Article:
April 1, 2018

Significant Changes in ABLE Law

Significant Changes in ABLE Law

Removal of Medicaid Recovery

The Florida legislature took the first step during the 2019 legislative session to amend Florida ABLE statutes and permanently remove Medicaid recovery claims from ABLE United accounts.

This change ensures that those with ABLE accounts are treated in the same manner as those without ABLE accounts when it comes to Medicaid recovery. Florida law clarifies that any remaining funds in an ABLE account must first be distributed for qualified disability expenses then transferred to the estate of the designated beneficiary. Learn more.

Tax Cuts and Jobs Act 2017

When the Tax Cuts and Jobs Act was signed into law on December 22, 2017, it created three provisions that impact ABLE United account holders – in a positive way.

First, rollovers from 529 college savings plan accounts into ABLE accounts are now permitted under federal law. The state of Florida is in the process of amending state rules to allow such rollovers. These types of rollovers must be from the designated beneficiary or a member of the family of the designated beneficiary and will count towards the annual maximum contribution amount ($15,000).

Second, beneficiaries who work and earn income will now be able to make contributions into their ABLE accounts in excess of the annual maximum contribution limit ($15,000). It is important to note that there are limitations that the beneficiary should be aware of before making these types of contributions:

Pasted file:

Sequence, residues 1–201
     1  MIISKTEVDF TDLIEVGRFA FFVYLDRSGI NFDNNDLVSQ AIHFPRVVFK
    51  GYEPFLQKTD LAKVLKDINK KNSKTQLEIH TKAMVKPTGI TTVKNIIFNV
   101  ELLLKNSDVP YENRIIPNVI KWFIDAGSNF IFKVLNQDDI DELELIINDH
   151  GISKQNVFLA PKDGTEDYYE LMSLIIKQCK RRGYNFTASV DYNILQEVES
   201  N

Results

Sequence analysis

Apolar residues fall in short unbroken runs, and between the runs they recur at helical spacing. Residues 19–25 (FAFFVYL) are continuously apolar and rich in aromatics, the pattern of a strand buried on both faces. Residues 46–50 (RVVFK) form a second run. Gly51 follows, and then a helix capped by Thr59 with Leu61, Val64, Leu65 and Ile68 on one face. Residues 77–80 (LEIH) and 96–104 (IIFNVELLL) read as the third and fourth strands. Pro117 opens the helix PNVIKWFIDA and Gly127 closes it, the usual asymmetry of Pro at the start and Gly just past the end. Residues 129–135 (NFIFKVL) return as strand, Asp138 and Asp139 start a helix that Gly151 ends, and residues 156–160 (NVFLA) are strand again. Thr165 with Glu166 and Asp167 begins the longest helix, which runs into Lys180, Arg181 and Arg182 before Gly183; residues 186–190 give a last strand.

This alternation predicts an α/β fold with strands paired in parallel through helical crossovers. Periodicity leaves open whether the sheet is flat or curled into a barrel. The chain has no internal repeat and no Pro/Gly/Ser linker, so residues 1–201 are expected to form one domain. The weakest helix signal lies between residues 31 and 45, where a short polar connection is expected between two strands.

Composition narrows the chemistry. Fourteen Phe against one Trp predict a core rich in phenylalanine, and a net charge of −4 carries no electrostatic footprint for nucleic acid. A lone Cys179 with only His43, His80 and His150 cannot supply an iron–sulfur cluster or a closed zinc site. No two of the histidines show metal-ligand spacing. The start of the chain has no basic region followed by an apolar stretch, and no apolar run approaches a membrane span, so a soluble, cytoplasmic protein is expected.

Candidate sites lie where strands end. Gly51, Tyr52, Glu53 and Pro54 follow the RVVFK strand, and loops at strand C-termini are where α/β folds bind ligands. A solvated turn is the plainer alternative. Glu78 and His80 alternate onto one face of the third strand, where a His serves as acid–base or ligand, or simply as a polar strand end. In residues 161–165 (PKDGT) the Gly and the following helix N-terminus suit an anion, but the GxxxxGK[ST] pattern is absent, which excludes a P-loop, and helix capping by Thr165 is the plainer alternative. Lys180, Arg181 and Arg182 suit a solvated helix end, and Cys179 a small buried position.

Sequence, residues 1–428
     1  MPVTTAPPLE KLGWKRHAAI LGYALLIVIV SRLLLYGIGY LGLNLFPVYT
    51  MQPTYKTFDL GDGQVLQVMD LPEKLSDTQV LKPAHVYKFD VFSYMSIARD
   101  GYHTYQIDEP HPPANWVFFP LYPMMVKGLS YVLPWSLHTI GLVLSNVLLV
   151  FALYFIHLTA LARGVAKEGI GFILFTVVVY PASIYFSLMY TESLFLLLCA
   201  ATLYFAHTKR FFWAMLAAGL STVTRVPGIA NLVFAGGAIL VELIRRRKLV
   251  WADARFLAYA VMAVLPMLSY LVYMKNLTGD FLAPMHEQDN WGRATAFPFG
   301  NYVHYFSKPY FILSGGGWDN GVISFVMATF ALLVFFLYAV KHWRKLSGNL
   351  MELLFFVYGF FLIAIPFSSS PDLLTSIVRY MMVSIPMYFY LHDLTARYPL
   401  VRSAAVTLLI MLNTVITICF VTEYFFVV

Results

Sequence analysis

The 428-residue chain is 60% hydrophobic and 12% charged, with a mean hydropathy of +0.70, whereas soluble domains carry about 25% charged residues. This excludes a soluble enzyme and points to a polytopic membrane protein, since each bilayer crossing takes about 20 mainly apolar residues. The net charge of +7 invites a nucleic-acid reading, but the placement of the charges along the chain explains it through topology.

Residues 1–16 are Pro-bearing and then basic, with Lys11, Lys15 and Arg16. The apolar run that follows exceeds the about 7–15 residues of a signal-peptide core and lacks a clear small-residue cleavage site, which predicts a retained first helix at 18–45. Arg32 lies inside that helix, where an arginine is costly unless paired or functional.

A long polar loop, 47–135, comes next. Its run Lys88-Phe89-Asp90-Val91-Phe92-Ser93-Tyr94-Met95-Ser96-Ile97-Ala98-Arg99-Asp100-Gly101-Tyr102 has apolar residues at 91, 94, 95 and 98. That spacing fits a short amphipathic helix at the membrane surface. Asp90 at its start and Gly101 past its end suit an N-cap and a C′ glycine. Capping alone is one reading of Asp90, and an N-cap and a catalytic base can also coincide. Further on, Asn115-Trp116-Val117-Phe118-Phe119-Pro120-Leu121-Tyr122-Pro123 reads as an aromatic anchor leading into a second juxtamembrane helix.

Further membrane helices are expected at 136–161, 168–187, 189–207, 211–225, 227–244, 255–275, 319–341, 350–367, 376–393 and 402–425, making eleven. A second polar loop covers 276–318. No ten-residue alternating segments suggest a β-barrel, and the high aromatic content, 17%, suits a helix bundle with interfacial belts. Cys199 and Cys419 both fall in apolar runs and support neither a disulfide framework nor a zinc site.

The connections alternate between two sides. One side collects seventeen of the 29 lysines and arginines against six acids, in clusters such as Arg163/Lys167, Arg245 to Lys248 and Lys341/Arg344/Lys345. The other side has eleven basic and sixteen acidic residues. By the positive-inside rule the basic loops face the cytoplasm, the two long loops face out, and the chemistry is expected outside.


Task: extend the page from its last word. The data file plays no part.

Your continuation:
1. The amount the beneficiary could contribute above the $15,000 is the lessor of: (i) the beneficiary’s compensation for the taxable year; or (ii) an amount equal to the Federal Poverty Level for a one person household as determined for the preceding calendar year of the tax year in which contributions are made. The limit for 2018 is $12,060.
  2. The additional contribution would not be allowed if the beneficiary or his/her employer contribute to the beneficiary’s defined contribution plan, to an annuity described in section 403(b) of the IRS Code, or a deferred compensation plan as described in section 457(b) of the IRS Code.
  3. The beneficiary, or the person administrating the account on behalf of a beneficiary, is responsible for ensuring compliance with the ABLE contribution limits.

Third, individuals who are able to take advantage of contributing earned income to their ABLE account may be able to take advantage of the Federal Tax Savers Credit.

When an individual makes a contribution to their account, they will have the option to select if the contribution should be considered an ABLE to Work contribution.